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PRCA's Tim Bingham bounces back again

by Matt Naber | Jun 12, 2019

PRCA Media Coordinator



Breaking his neck twice hasn’t stopped bull rider Tim Bingham from competing.

After missing three-and-a-half months due to breaking his neck for the second time, the 27-year-old cowboy posted an 87.5-point ride on Diamond G Rodeo’s Margie’s Tubby to win the Cedar City (Utah) Championship Rodeo, June 8.



With that kind of layoff, Bingham had been itching to get back to competition.

"There’s no way of explaining it, you either do it or you don’t – if you don’t do it, you’ll never understand it, and if you do it, you won’t be able to explain it,” Bingham said. "It’s just something you can’t let go of. There’s nothing else like it in the world so I’m going to live it for as long as I can and enjoy it while it lasts.

The three-time qualifier for the Wrangler National Finals Rodeo (2014, 2016-17) injured his neck following his 84.5-point ride on Beutler & Son Rodeo's Twizzler at La Fiesta de los Vaqueros in Tucson, Ariz., Feb. 17. Bingham flipped upside down and landed on his head with his neck folding under him. He got up, ran to the chutes and jumped over the top, but he knew instantly that something was wrong. 

The next day he had surgery at Banner – University Medical Center in Tucson where his C4 and C5 vertebrae were fused together. 

Initially, Bingham thought his neck injury would keep him out of competition for a couple of weeks. But then he found out he’d broken his neck.

“I thought, ‘Oh, boy, it will be a long recovery period,’” Bingham said. “I’d broken my neck before so it wasn’t a first-time thing.”

Bingham broke his C6 vertebrae before turning 18 years old but waited three days before going to the doctor to find out it was broken. That injury is evident only when viewed through an X-ray. 

“I feel lucky from the first time I broke it,” Bingham said. “I was lucky I didn’t do something to cause me to get paralyzed. I’ve been blessed twice now to not sustain any other injuries. Not many people can break their neck twice and walk away like nothing ever happened.” 

He didn’t spend the last few months on the couch. Instead, he was roofing houses and working cattle. 

“I sat at home for a week or two but then I was out and about with a neck brace, and everything was normal outside of rodeo,” Bingham said.

Physical therapy began in April to rebuild the lost neck and shoulder muscles. 

“I healed up fast and talked to my doctors and moved it (returning to rodeo) up to three-and-a-half months,” Bingham said. “They said it was up to me if I felt confident. Cutting off two months from the recovery time was nice.”

He originally planned on waiting to return to the chutes until the Reno (Nev.) Rodeo but decided to warm up at some smaller competitions. He competed at the Fort Herriman (Utah) PRCA Rodeo, May 31, instead of waiting for Reno, which runs June 21-29 and has an Xtreme Bulls event June 20.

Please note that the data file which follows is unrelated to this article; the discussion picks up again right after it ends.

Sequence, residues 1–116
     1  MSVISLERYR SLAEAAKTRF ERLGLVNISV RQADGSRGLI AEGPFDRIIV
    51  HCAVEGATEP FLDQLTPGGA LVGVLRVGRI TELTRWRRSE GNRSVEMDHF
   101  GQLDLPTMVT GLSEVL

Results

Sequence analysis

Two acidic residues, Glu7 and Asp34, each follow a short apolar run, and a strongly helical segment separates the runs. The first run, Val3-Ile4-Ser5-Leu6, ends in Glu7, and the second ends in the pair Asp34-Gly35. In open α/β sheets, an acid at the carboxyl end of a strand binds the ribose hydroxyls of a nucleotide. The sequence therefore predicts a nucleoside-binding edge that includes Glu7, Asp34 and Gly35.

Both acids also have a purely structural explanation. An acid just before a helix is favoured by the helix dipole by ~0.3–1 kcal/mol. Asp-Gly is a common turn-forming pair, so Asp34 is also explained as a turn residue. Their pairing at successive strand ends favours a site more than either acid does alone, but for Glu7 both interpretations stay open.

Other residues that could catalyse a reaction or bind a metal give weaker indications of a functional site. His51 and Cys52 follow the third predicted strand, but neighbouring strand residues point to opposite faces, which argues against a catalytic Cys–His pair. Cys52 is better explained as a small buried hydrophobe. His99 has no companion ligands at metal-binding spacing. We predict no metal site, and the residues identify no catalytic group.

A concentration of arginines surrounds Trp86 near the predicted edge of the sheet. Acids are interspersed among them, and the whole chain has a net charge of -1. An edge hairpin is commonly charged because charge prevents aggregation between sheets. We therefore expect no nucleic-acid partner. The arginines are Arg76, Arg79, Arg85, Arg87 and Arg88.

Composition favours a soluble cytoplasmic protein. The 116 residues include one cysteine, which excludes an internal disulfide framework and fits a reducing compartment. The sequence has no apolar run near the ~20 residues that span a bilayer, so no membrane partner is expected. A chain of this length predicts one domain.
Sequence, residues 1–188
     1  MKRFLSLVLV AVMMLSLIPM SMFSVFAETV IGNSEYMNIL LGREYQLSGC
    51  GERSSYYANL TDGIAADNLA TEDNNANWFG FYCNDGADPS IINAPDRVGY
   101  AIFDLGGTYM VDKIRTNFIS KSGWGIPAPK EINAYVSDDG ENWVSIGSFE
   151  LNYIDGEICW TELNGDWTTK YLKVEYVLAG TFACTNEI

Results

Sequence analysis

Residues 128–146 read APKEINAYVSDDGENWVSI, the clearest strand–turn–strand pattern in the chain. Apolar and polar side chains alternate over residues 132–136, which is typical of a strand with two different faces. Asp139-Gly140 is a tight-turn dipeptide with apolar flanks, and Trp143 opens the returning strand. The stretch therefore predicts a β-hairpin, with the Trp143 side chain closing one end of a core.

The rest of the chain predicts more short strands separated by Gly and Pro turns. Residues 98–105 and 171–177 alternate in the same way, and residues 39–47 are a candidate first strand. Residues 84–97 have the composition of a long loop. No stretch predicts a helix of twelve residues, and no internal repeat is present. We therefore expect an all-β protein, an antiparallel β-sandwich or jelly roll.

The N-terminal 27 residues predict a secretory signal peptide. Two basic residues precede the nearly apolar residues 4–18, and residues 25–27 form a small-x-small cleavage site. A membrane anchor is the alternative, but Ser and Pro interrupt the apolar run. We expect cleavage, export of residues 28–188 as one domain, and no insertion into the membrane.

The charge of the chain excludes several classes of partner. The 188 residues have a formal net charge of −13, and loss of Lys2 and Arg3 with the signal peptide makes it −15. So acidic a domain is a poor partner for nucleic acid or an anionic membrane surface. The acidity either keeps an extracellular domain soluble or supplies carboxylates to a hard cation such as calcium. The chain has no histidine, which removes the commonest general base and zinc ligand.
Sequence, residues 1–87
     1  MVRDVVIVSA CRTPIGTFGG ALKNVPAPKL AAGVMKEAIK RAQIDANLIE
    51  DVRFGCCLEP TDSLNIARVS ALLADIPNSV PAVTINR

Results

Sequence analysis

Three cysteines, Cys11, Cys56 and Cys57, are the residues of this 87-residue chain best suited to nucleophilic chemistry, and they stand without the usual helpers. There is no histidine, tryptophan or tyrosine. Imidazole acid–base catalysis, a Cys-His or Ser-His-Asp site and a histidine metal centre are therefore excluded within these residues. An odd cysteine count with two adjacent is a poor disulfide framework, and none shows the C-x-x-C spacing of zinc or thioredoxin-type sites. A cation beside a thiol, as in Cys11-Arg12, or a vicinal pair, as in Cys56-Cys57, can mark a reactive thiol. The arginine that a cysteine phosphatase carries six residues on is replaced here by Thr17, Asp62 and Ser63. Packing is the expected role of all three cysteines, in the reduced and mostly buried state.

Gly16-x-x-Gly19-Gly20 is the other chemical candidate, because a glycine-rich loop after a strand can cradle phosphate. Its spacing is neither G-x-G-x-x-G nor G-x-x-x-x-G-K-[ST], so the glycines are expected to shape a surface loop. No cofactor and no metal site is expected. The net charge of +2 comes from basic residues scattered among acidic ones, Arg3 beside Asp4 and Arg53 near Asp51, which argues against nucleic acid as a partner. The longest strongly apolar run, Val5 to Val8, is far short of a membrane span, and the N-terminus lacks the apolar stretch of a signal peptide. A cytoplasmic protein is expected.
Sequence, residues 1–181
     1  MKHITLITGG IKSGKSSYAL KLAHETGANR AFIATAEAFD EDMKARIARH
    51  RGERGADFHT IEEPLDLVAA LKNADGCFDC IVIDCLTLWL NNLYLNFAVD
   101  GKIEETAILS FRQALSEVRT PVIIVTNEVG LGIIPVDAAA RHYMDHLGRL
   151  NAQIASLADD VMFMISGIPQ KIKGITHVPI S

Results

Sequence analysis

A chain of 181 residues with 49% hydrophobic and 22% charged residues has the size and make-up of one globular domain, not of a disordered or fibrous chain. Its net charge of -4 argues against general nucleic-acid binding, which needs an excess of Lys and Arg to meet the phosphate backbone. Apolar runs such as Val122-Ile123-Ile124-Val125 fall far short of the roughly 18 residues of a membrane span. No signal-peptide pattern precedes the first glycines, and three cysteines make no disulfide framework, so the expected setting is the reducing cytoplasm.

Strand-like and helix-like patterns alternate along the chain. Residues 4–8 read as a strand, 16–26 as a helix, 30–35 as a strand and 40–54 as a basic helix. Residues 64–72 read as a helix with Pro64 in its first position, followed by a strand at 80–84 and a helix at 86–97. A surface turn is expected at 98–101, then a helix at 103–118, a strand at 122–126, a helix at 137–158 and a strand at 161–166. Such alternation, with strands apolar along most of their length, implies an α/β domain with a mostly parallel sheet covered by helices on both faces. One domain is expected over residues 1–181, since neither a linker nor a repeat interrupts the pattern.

“I wanted to have my ducks in a row when I get there,” Bingham said. “Normally, I would have gotten on a practice bull or two first, but I entered Herriman less than a week before I rode there. It was a random, out-of-the-blue moment.” 

His first few bull rides after returning for the 2019 season didn’t feel quite right, he said of his rounds at Herriman, the Days of the Old West Rodeo in Delta, Utah, and the Ute Mountain Roundup Rodeo in Cortez, Colo.

“I was stiff and slow and still getting back into the groove,” Bingham said. 

Ironically, being bucked off at about six seconds during his re-ride in Cortez is what made him regain his confidence. 

“I knew it would take a few to get it under my belt and good to go, and then after Cortez I went into Cedar City confident and excited I could stay on anything,” Bingham said. 

That air of confidence helped, as he notched the win in Cedar City. The ride was worth $2,843, but more importantly, it has the Utah cowboy confident that he will achieve his goal of qualifying for the Wrangler NFR. 

“I was excited and smiling from ear to ear,” Bingham said. “I was fired up after missing so much time and am ready to go to more now.” 

Having sustained two broken necks means his risk of re-injury is slightly higher, he said. 

“It’s not healed to where I don’t notice it, but in two to four months I may not notice anything at all,” Bingham said. “It adds a bit of a risk factor, but that is something we have to live with in the bull riding world.” 

It’s a world he was more than ready to return to.

“I’m not ready for real life yet,” Bingham said. “I had to live it for a couple of months. It wasn’t so bad, but it’s not like living the rodeo life and being around your buddies. It isn’t just about getting on the bulls. It’s the whole lifestyle of traveling and being around those guys and different people from different areas who have their own unique things about them. 

“Most in bull riding give up by 35, and I've still got some years in me. It’s worth it.”

It's not just about the thrill of the ride or the freedom of the rodeo road that Bingham enjoys. His goal always is to qualify for the Wrangler National Finals Rodeo. 

“I’m not just back because I like to ride bulls and travel the country,” Bingham said. “I’m back with the same goal I had, to make the NFR and have my best season. That should be everyone’s goal, to have a better season than before and that will never waiver.” 

As of June 10, Bingham wasn’t in the top 50 of the 2019 PRCA | RAM World Standings. He acknowledged he has a significant amount of catching up to do, but he’s not discouraged by the challenge. 

“I’ve got the drive and mindset for it,” Bingham said. “I’ll need to win some big rodeos and place at big ones to make up the ground. It’s doable because there’s so much rodeo left in the season, and I don’t usually get hot until the end of the season anyway.”





 
 
 
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